I remember my grandfather (or ‘Pop’ as my sister and I used to call him) as a quiet and funny man, who used to sing us silly songs and chase us up the stairs with his false teeth in his hand. (We screamed and ran away, but two minutes later we were back for more, laughing). These letters opened my eyes to a different side to him, and made me wish I’d been able to ask him about some of his experiences before he passed away.

Often we think of our families as ‘ordinary’. I suppose, to us, they are, because they are what we’ve always grown up with, but the more I stop and think about it, the more I realise there is no such thing as an ordinary family. They are filled with unique people, each with their own story to tell, full of ups and downs, triumphs and tragedies, and maybe we should scratch below the surface of what we think we know about our families, and discover a rich treasury of stories and inspiration.

Fiona's latest book The Bridesmaid's Secret is available now online in the UK and North America and on Amazon.

In her designer suits Jackie Patterson, editor of Gloss! magazine, can take on the world. Yet the moment she arrives in Italy for a big Bella Rosa wedding, and sees her old boyfriend Romano Puccini, her groomed fa├žade disappears. She has a seventeen-year-old secret to tell him from that fateful, sultry Italian summer…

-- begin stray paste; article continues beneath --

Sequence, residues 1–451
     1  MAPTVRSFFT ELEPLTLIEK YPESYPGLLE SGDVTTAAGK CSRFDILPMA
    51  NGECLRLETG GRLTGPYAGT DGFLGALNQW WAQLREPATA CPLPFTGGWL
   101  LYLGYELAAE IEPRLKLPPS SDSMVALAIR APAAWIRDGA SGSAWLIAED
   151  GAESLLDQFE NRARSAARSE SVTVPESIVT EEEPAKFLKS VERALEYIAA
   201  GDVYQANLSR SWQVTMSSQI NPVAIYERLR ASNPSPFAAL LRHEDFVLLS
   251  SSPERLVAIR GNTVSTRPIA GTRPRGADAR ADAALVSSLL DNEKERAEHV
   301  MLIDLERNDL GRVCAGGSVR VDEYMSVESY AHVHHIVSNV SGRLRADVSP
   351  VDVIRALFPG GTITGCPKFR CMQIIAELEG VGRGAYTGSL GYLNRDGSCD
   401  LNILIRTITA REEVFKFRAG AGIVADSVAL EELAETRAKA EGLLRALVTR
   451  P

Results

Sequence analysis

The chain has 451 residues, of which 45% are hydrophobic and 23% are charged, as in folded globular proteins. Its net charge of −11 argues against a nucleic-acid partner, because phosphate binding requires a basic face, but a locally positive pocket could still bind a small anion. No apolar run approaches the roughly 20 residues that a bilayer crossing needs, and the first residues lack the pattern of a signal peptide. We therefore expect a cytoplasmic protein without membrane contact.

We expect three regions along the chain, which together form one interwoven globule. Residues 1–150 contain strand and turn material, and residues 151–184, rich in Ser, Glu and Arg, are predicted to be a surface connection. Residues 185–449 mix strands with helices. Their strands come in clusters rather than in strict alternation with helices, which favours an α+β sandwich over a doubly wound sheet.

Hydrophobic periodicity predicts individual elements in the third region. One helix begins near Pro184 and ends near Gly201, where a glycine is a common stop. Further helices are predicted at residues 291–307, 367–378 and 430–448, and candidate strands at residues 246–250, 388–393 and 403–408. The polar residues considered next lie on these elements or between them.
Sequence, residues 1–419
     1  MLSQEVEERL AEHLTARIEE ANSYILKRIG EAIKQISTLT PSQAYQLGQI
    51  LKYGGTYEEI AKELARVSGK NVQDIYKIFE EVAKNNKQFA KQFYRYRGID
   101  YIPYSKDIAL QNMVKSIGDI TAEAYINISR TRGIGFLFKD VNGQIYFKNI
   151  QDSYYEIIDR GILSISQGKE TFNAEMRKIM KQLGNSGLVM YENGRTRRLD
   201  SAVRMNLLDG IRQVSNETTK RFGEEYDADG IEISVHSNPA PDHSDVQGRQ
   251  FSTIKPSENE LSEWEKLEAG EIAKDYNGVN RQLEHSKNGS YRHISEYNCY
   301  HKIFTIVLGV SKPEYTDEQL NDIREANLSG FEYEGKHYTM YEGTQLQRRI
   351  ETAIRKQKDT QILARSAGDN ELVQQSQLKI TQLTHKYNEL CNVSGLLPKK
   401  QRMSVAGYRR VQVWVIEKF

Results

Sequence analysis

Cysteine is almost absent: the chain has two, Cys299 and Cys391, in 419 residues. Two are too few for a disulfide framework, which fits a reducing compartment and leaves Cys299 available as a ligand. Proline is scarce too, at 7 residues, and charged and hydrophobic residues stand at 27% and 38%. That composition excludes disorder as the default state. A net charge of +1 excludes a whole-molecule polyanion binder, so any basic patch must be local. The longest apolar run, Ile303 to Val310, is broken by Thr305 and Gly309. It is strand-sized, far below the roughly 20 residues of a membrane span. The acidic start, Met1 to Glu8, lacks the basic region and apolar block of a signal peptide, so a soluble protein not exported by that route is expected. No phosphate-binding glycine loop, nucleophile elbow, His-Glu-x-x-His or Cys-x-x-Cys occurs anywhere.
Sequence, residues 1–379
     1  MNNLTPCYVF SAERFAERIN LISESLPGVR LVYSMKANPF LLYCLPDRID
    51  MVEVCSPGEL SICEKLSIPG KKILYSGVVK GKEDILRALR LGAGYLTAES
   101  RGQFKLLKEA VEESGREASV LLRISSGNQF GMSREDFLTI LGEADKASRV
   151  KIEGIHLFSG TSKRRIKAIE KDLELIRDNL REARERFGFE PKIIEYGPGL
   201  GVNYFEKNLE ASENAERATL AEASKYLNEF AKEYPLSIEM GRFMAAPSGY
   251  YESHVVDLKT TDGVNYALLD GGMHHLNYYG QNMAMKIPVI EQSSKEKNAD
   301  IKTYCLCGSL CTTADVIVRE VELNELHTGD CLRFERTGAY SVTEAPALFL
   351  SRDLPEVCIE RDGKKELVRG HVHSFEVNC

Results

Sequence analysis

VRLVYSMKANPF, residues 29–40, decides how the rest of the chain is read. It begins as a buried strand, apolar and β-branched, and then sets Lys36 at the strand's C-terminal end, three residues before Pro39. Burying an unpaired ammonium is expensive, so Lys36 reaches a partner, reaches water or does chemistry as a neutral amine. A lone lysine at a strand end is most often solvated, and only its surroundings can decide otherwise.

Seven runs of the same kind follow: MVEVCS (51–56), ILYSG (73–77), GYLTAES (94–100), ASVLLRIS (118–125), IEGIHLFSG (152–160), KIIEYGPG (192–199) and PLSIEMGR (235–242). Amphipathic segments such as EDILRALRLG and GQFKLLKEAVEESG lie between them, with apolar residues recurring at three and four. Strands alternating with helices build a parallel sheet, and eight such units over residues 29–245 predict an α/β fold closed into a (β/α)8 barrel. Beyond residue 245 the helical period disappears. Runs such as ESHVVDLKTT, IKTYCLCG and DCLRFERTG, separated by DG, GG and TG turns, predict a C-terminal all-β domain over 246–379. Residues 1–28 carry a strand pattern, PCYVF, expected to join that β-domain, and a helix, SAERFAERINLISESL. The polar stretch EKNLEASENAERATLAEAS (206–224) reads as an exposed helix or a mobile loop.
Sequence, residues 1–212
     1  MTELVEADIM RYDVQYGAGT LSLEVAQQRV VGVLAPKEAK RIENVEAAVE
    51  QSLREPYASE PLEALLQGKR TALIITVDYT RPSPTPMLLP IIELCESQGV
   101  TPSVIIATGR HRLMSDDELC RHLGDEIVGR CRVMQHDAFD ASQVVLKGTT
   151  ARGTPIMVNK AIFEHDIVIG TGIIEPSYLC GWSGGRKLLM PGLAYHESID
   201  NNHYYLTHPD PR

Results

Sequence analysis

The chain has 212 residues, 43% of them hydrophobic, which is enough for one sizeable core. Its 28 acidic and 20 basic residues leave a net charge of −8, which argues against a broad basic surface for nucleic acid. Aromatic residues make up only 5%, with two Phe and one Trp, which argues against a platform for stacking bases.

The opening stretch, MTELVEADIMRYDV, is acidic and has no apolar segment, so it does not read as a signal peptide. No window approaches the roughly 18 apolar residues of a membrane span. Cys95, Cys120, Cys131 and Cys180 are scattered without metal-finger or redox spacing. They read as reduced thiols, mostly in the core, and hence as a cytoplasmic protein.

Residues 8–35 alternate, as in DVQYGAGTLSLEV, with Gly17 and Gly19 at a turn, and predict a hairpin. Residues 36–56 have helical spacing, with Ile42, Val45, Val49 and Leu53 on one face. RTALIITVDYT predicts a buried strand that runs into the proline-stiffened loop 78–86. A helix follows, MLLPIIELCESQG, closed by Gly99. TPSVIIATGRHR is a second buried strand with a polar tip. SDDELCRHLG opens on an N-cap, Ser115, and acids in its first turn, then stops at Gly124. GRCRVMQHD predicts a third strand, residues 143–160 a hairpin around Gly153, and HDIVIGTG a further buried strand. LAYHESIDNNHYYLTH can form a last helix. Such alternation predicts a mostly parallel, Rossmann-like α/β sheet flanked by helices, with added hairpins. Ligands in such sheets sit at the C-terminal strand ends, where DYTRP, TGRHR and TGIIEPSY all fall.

1. What a wonderful legacy, Fiona! I wish I had more of the letters and photos and general papers of my family, but there is virtually nothing, and neither grandmother was very good about noting people oe dates. Up until this past January I had never even seen a picture of my maternal grandfather, who served in the Coast Guard during WWII and died several years before I was born. No one in the family seemed to remember any pics of him.

    Then this past winter an uncle came across an old snapshot of him (in his uniform) and my grandmother on their wedding day, and had 8x10 copies made for everyone. It was one of the best and most cherished gifts I've ever received!

  2. What a lovely blog Fiona - thank you for sharing - it's brought a tear to my eye. Caroline x

  3. Wow Fiona, there's definitely a story in there. I really enjoyed reading about Pop, and like you I love that he got to Venice and was able to enjoy himself there. Much deserved amid everything that was going on.

  4. We haven't got much in the way of family papers, either. All the letters my grandmother had were long gone. Thankfully my great uncle must have been a bit of a hoarder - we only discovered the existence of these letters a year or two ago.

    Seriously, even without these letters, I started to realise my family have got up to some crazy things that wouldn't look out of place in a soap opera plot line, and I'm sure I'm not the only one who could say that!

  5. Great post! As an archivist, I'm lucky to work with things like this on a daily basis.

    But I wonder what will happen in the future when digital pictures and emails haven't been tucked away or saved in an archives somewhere......

  6. I know, Lynda! The thought of all those memories and stories that could be wiped out and lost is just scary!